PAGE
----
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Tuesday, April 21, 2009

Perinatal Cytomegalovirus and Toxoplasmosis: Challenges of Antepartum Therapy

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Perinatal Cytomegalovirus and Toxoplasmosis: Challenges of Antepartum Therapy.

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Clinical Obstetrics & Gynecology. Ectopic Pregnancy. 42(1):81-96, March 1999.
PIPER, JEANNA M. MD; WEN, TONY S. MD
Abstract:
The purpose of antepartum and neonatal therapy for congenital infections is to reduce the potential for short-term and long-term morbidity and mortality. The degree of clinical acceptance of antepartum and/or neonatal therapy varies greatly among the congenital infections classified as "TORCH" (Toxoplasma, rubella, cytomegalovirus, herpes simplex) infections. The use of acyclovir to prevent or reduce the severity of neonatal herpes infections is considered standard therapy for infants with potential perinatal exposure. Maternal antepartum therapy for syphilis with penicillin targeting achievement of adequate fetal drug levels is considered the standard of care to reduce the sequelae of congenital syphilis. Although there is no real "therapy" for congenital rubella, the prevention of sequelae of congenital rubella is best achieved by primary prevention (preventing maternal infection) by vaccination of all women of childbearing age with rubella vaccine before conception (because it contains a live-attenuated virus, rubella vaccine is contraindicated during pregnancy). The status of antepartum therapy and primary prevention to decrease the sequelae of congenital cytomegalovirus (CMV) and toxoplasmosis is much less clear than for the other TORCH infections. To validate the utility of antepartum or neonatal therapy in reducing the sequelae of congenital infection, one must first understand the patterns of morbidity (both short-term and long-term) and mortality associated with a specific congenital infection in the absence of treatment. This must include an understanding of the severity as well as the frequency of each of the significant sequelae reported for that type of infection. Only after exploring the natural history of congenital infection can we proceed to determining the efficacy of potential therapeutic regimens.

Congenital infections can produce a wide variety of sequelae, some immediately apparent (structural defects, intrauterine fetal demise), others discovered only after the passage of time (developmental delay, progressive sensory loss). Congenital rubella is associated with structural defects, and congenital syphilis may cause fetal demise. Congenital infections with CMV and Toxoplasma gondii are more commonly linked with long-term sequelae that may not be apparent at birth and even until the child reaches school age. The long-term sequelae associated with congenital CMV and toxoplasmosis can be categorized into sensory deficits, developmental delay/mental retardation, and central nervous system lesions. Ocular abnormalities including chorioretinitis, optic nerve atrophy, and retinal detachment occur more commonly after congenital toxoplasmosis. In contrast, sensorineural hearing loss due to cochlear or eighth nerve lesions occurs more typically as a sequelae of congenital CMV. 1 Central nervous system lesions that may occur after either CMV or toxoplasmosis include intracranial calcifications, microcephaly, hydrocephalus, and periventricular radiolucencies (low brain substance density extending from the frontal and occipital horns to surround the lateral ventricles). Central nervous system lesions can be diagnosed by ultrasound (intrauterine or neonatal), computed tomography (CT), or magnetic resonance imaging (MRI). Developmental delay and mental retardation commonly are assessed using the Bayley Scales of Infant Development and/or the Wechsler Primary and Preschool Scale of Intelligence. 2 Ocular abnormalities are detected by fundoscopic examination, pupillary reflexes, visual acuity, and refractive status. 1 Sensorineural hearing loss must be differentiated from conductive hearing loss (due to external or middle ear lesions) by Auditory Evoked Brainstem Responses or Impedance Audiometry. For both CMV and toxoplasmosis, we will describe prevalence, modes of transmission, mechanisms of congenital infection, immediate and long-term sequelae of congenital infection, potential for antepartum prophylaxis/therapy to reduce neonatal sequelae, and methods for primary prevention by prevention of maternal infection.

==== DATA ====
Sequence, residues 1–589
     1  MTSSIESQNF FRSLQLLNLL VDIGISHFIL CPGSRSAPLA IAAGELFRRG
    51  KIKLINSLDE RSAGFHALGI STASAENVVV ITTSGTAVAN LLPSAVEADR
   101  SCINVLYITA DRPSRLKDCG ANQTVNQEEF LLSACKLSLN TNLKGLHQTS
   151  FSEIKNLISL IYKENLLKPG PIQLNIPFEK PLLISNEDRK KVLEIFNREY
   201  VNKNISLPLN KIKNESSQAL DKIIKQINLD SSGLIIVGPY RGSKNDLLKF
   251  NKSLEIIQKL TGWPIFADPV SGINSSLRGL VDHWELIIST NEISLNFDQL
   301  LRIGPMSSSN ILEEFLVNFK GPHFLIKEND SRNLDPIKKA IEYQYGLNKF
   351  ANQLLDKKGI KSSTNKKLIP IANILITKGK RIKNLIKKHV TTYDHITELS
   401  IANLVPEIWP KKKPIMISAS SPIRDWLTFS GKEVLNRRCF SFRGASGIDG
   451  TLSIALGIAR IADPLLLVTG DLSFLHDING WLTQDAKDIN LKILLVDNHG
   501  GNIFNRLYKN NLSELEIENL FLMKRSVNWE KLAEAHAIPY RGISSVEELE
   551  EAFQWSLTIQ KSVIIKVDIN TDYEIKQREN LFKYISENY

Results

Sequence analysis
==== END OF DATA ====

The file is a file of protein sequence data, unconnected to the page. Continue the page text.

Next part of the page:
(C) 1999 Lippincott Williams & Wilkins, Inc.



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Dr Firman Abdullah SpOG/ OBGYN, Bukittinggi, Sumatera Barat ,Indonesia

Dr Firman Abdullah SpOG/ OBGYN,                              Bukittinggi, Sumatera Barat ,Indonesia

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